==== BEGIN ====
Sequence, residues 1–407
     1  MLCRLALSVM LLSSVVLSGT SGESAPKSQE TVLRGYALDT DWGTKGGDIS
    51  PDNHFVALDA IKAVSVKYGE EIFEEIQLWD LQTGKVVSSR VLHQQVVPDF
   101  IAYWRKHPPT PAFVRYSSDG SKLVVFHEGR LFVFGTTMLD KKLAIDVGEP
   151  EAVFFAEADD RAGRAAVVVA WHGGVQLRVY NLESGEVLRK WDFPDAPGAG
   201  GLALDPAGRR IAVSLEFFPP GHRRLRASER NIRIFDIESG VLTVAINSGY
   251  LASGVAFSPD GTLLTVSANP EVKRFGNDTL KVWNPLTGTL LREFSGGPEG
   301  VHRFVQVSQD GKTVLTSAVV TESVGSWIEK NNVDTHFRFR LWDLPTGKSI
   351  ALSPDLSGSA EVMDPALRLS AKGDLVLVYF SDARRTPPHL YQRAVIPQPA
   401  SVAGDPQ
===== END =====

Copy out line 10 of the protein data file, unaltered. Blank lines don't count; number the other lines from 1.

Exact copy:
   401  SVAGDPQ